Combination of Lactobacillus acidophilus and Bifidobacterium animalis subsp. lactis Shows a Stronger Anti-Inflammatory Effect than Individual Strains in HT-29 Cells

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Inflammatory bowel disease (IBD) is an emerging health problem associated with the dysregulation of the intestinal immune system and microbiome. Probiotics are able to reduce inflammatory responses in intestinal epithelial cells (IECs). However, entire signaling pathways and the interaction between different probiotics have not been well-documented. This study was designed to investigate the anti-inflammatory effects and mechanisms of single and combined probiotics. HT-29 cells were induced by lipopolysaccharide (LPS) and tumor necrosis factor (TNF)-α, treated with Lactobacillus acidophilus, Bifidobacterium animalis subsp. lactis or their combination and analyzed for inflammation-related molecules. Both L. acidophilus and B. animalis subsp. lactis reduced interleukin (IL)-8 secretion and the expressions of phosphorylated p65 nuclear factor-kappa B (p-p65 NF-κB), phosphorylated p38 mitogen-activated protein kinase (p-p38 MAPK), vascular cell adhesion molecule-1 (VCAM-1) and cyclooxygenase-2 (COX-2), while they increased toll-like receptor 2 (TLR2) expression. L. acidophilus did not decrease intercellular adhesion molecule-1 (ICAM-1) but enhanced the inhibitory efficacy of B. animalis subsp. lactis. Combined probiotics showed the best anti-inflammatory activity. These results suggest that L. acidophilus and B. animalis subsp. lactis may exert a potent anti-inflammatory effect through modulating TLR2-mediated NF-κB and MAPK signaling pathways in inflammatory IECs. Both strains, especially their combination, may be novel adjuvants for IBD therapy.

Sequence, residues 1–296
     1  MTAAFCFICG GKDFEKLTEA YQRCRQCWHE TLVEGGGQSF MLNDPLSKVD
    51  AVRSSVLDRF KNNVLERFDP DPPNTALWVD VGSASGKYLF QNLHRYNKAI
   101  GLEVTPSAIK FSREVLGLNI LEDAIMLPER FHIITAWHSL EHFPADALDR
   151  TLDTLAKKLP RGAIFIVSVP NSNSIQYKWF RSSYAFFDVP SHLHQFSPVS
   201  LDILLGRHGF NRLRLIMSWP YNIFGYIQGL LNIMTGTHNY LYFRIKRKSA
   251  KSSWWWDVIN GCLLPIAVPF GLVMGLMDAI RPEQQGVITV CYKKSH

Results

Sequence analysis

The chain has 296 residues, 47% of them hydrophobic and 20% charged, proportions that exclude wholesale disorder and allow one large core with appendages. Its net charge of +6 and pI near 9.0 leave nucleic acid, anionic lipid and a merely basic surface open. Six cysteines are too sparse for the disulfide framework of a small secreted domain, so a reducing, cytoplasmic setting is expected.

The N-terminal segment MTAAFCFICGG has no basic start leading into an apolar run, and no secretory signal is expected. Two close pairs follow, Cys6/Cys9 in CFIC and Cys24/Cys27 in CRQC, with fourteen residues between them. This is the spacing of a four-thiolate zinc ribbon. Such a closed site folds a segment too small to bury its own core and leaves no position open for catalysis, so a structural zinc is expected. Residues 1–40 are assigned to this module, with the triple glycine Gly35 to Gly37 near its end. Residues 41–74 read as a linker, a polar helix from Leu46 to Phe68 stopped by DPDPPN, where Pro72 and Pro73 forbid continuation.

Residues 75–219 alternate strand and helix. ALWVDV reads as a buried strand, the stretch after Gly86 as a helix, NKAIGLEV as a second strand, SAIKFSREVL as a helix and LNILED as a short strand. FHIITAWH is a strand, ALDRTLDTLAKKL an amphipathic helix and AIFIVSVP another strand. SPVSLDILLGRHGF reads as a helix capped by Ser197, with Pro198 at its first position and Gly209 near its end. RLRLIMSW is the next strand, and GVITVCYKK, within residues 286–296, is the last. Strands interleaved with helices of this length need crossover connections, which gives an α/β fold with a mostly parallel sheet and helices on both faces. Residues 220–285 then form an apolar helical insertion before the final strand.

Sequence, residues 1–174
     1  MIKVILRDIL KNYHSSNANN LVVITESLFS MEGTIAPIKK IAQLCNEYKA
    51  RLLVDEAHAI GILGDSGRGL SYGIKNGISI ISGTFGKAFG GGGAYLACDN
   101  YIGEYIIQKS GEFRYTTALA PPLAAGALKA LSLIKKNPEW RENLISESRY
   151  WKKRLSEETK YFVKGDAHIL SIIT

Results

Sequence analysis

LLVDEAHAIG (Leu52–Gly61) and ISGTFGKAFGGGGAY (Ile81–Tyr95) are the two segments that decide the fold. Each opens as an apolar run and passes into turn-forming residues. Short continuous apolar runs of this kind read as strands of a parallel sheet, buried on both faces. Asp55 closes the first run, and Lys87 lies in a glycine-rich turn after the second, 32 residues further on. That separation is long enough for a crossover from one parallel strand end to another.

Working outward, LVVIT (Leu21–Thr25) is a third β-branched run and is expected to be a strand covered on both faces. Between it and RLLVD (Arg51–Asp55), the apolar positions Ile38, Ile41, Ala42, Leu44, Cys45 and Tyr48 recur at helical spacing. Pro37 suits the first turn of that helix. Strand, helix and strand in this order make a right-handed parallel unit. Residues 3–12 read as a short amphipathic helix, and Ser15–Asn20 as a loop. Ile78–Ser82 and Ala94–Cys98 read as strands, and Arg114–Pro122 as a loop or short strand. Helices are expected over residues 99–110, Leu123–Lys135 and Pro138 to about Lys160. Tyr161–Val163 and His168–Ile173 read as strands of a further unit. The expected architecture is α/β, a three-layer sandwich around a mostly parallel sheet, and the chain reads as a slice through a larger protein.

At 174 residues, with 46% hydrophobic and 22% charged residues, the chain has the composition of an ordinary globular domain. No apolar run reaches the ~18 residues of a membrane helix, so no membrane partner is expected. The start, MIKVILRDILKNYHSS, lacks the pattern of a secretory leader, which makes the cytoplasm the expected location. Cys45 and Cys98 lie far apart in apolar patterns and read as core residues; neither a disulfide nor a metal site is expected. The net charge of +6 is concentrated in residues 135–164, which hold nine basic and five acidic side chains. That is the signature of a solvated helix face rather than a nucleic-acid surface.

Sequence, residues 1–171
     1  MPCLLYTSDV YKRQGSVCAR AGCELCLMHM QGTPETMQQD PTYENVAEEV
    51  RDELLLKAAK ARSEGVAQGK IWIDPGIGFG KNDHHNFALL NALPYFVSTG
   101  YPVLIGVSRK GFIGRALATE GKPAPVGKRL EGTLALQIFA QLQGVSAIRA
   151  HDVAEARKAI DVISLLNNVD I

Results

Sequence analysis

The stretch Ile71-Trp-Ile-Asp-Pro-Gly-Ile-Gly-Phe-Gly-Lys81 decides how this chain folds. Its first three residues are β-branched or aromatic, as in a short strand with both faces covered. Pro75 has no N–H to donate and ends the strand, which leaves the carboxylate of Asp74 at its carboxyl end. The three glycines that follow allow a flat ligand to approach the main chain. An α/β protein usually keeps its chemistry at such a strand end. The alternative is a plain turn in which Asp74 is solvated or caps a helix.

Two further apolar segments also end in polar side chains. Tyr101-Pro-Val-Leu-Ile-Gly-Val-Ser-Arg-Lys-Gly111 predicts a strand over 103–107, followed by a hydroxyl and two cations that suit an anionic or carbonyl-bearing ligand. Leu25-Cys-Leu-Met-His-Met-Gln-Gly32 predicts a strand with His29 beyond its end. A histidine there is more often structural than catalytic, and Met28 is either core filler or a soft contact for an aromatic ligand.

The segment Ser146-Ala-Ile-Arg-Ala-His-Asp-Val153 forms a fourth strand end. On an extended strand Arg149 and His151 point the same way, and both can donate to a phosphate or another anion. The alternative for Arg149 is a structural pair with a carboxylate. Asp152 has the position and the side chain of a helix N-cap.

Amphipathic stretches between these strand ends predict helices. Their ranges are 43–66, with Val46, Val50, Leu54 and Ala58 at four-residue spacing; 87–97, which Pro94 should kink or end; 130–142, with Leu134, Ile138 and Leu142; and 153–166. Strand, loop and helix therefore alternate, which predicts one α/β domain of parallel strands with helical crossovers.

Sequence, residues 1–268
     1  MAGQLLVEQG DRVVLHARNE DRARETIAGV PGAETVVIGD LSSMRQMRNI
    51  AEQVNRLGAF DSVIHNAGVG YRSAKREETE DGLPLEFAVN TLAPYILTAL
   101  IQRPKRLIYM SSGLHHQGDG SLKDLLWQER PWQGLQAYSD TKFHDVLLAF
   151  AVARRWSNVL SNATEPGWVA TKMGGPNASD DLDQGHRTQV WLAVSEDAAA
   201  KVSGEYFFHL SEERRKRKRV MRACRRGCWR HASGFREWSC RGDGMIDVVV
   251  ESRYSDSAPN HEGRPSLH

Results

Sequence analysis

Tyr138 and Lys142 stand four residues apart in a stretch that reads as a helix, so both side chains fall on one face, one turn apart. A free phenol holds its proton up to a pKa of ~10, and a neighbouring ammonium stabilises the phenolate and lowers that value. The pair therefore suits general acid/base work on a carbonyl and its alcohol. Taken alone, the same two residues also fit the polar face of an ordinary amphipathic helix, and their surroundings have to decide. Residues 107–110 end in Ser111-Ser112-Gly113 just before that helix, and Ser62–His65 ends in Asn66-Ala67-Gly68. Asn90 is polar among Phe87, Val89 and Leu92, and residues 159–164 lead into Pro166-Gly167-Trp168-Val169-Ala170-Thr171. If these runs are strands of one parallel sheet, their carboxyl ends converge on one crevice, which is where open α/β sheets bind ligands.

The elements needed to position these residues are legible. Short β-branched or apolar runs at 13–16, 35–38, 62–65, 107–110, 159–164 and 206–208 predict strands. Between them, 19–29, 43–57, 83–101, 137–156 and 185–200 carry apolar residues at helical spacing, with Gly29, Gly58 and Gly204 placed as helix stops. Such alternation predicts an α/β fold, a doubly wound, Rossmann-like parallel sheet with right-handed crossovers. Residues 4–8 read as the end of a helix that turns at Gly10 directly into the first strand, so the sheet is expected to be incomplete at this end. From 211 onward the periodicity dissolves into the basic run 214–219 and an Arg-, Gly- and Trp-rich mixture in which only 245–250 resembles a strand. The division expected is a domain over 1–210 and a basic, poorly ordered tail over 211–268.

Original languageEnglish
Article number969
Issue number5
Publication statusPublished - May 1 2019



  • Bifidobacterium animalis subsp. lactis
  • inflammation
  • intestinal epithelial cells
  • Lactobacillus acidophilus
  • probiotics
  • Probiotics
  • Bifidobacterium animalis subsp
  • Lactis
  • Intestinal epithelial cells
  • Inflammation
  • Inflammation/chemically induced
  • Humans
  • Bifidobacterium animalis/physiology
  • HT29 Cells
  • Cytokines/genetics
  • Lactobacillus acidophilus/physiology
  • Gene Expression Regulation/drug effects
  • Lipopolysaccharides/toxicity
  • Tumor Necrosis Factor-alpha/toxicity

ASJC Scopus subject areas

  • Food Science
  • Nutrition and Dietetics

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